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Tuesday, January 28, 2020

Major plaintiffs firms that snagged states as opioid clients have been shut out of settlement talks by judge

Attorneys & Judges

By Daniel Fisher | Aug 20, 2019

Joe Rice of Motley Rice

CLEVELAND (Legal Newsline) - Recognizing the growing conflict between states and municipalities that are separately suing the opioid industry, U.S. District Judge Dan Polster has removed lawyers that represent both states and cities from any role in negotiating a potential class action settlement of opioid claims.

In an order yesterday, Judge Polster said law firms representing states and cities, including Motley Rice and Lieff Cabraser, “have a conflict of interest that bars them from representing, and negotiating on behalf of, the putative class.” In a follow-up statement today, the judge said he wasn’t accusing the lawyers of unethical practices but merely protecting the settlement negotiation process against conflict allegations. 

His order removed five of the seven top lawyers on the plaintiff team from class negotiations. 

The order makes it all but certain Judge Polster will approve a controversial “negotiation class” consisting of some 40,000 cities and counties in an effort to hammer out a global settlement of the multidistrict litigation concentrated in his court in Cleveland. 

State attorneys general (like Ohio's, who called it a "power grab") and some defendant companies oppose the proposal, saying it will hinder state settlement efforts and would violate federal law and U.S. Supreme Court precedent governing how class actions are formed. Judge Polster hasn’t yet approved the class.

The judge’s selection of Chris Seeger (of Seeger Weiss in New York) and Jayne Conroy (of Illinois' Simmons firm), two veteran attorneys with a number of MDL settlements under their belts, is also likely to generate criticism. Seeger seized control of the NFL players’ concussion litigation early in the process and helped negotiate a settlement that many players have criticized as unfair and overly lucrative for the lead plaintiff lawyers. 

Among other things, Seeger has been accused of steering players to a lawsuit-lending firm, Esquire Financial Holdings, at the same time as he urged the MDL judge to investigate other firms for predatory lending. At the time, Seeger told ESPN he resigned as director in 2016 and didn’t oversee its loans to players.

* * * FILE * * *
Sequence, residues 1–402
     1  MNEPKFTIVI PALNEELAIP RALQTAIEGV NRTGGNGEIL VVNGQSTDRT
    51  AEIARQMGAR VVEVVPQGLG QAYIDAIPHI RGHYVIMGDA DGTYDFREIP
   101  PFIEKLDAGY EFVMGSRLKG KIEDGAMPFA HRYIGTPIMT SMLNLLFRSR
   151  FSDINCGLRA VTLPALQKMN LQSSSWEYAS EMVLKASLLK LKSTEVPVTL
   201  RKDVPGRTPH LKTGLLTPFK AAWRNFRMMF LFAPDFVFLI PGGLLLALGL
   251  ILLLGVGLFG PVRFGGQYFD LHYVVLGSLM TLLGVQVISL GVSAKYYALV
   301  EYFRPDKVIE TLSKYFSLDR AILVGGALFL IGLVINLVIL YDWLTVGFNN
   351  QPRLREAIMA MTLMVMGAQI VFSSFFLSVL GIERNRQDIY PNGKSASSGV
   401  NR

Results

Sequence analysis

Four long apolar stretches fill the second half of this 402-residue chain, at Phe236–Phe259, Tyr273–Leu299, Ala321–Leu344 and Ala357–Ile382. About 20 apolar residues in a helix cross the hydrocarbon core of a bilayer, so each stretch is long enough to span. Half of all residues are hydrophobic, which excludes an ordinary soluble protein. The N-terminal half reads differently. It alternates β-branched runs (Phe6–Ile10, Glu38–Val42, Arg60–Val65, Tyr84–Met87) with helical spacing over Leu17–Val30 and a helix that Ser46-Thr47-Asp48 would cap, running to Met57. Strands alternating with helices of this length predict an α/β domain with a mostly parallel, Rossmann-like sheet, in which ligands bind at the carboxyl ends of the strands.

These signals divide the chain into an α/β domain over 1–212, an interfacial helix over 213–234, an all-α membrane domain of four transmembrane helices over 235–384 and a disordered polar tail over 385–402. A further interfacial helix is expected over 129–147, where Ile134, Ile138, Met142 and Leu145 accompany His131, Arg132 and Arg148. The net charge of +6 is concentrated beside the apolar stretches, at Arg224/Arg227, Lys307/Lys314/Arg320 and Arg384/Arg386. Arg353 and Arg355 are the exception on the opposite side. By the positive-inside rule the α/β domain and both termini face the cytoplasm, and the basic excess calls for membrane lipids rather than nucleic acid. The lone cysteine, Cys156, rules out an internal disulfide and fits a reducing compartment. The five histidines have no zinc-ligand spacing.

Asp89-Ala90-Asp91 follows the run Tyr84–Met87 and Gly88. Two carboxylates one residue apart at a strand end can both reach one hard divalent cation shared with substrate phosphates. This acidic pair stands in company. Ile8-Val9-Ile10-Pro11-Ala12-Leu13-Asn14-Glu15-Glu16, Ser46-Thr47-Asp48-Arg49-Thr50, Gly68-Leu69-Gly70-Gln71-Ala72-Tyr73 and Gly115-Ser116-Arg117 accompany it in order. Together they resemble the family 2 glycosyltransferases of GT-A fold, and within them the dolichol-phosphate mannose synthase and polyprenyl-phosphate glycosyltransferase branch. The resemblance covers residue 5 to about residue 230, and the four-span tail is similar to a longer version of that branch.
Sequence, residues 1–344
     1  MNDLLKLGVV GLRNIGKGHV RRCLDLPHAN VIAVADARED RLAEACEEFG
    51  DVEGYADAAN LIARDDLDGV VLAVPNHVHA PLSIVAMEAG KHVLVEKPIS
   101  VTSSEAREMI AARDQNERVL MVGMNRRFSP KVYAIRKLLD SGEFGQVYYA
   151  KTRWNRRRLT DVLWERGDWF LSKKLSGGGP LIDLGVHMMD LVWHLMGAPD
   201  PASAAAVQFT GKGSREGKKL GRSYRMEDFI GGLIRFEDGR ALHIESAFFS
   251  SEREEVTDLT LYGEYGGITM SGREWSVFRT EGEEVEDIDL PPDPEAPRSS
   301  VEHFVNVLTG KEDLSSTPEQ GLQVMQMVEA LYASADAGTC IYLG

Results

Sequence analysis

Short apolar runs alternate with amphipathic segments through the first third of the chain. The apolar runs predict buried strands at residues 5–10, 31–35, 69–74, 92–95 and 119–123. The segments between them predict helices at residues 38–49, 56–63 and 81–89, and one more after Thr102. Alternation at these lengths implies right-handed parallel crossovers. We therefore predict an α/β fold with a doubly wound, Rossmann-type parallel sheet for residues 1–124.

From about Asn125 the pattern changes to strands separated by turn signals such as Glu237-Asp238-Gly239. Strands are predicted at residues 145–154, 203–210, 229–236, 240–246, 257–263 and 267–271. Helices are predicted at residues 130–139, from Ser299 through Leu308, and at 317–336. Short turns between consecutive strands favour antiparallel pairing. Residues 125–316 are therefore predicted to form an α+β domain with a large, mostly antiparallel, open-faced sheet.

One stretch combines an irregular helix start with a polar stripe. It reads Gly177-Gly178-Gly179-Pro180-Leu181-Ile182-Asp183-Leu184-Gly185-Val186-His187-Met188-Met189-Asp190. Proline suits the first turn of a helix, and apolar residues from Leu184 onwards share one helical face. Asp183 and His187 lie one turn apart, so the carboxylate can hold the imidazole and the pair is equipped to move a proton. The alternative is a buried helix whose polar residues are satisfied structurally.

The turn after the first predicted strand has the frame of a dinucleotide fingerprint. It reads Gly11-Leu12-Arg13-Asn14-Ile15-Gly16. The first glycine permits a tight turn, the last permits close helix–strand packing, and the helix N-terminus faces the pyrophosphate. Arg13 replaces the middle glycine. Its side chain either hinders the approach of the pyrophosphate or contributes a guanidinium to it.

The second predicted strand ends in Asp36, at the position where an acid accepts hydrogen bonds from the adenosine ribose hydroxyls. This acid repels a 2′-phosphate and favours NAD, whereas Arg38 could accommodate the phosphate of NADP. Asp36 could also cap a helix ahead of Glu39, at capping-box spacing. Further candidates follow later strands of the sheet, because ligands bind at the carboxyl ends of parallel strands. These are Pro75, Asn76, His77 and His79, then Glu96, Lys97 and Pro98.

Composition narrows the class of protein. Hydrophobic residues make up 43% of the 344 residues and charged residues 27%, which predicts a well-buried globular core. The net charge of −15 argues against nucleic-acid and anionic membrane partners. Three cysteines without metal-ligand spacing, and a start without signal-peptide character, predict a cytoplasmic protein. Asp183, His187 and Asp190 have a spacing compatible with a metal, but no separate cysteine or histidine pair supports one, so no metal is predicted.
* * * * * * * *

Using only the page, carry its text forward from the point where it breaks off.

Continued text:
Seeger also negotiated a 2004 settlement of claims over the heartburn drug Propulsid that paid the lawyers $22.5 million but due to strict conditions the plaintiff lawyers agreed to distributed just $3.7 million to 32 of more than 4,000 claimants. University of Georgia Law School Professor Elizabeth Burch (who wrote the book on MDLs) uses the Propulsid settlement to demonstrate the problem of repeat-player MDL lawyers negotiating settlements that sometimes benefit them at the expense of their clients, thanks to mechanisms including “blow” clauses allowing the defendant to walk away if not enough plaintiffs agree to the deal, or agreements not to represent clients who reject it.

State AGs and other critics of the proposed negotiation class say a similar dynamic could be at work, as private lawyers motivated by their own fees negotiate a settlement on behalf of every city and county in the country without their informed consent. 

Under the proposal Judge Polster has indicated he will at least partially approve, a few dozen cities and counties would negotiate on behalf of all the rest and remaining class members would have one opportunity at the beginning of the process to opt out. After that, they would be bound to a fixed distribution plan, with the money flowing only to counties. 

Any dollar amount of the settlement would have to be approved by 75% of class members by number, plus a supermajority defined by other factors such as the severity of the opioid crisis in their area.

In his order, Judge Polster acknowledged the conflict for lawyers representing cities and counties who also represent states, which are mostly opposed to the negotiating class and see it as interfering with their own efforts to obtain money for abating the opioid crisis. The judge struck Russell Budd, Elizabeth Cabraser, Paul Geller, Joe Rice, and Troy Rafferty from the negotiating team because they “simultaneously represent entities seeking certification of the Class and States that fundamentally oppose the Class’s formation.”  

In a statement he said was prompted by news media inquiries, the judge said he “makes clear here that these attorneys have all been extremely helpful in pursuing litigation and settlement negotiations in this case and have not done anything unethical or otherwise inappropriate.”

The plaintiff lawyers also proposed they represent cities and counties in negotiations with state governments, which the state AGs opposed. Judge Polster agreed with the AGs, saying “the purpose of the proposed class is to facilitate negotiations between counties/cities and Defendants, not to interfere with any of the States’ settlement discussions or intrude in allocation discussions between a State and its own counties and cities.”

Opponents had noted the conflicted lawyers were still signing court papers so he ordered them to stop. Linda Singer of Motley Rice until now has appeared on many of the most important plaintiff filings. The judge said he was only appointing Seeger and Conroy as interim negotiators and may appoint more lawyers to the team later.  

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Organizations in this Story

Baron and BuddLevin PapantonioSeeger Weiss LLPMotley RiceLieff, Cabraser, Heimann & Bernstein,Robbins GellerSIMMONS HANLY CONROY LLC

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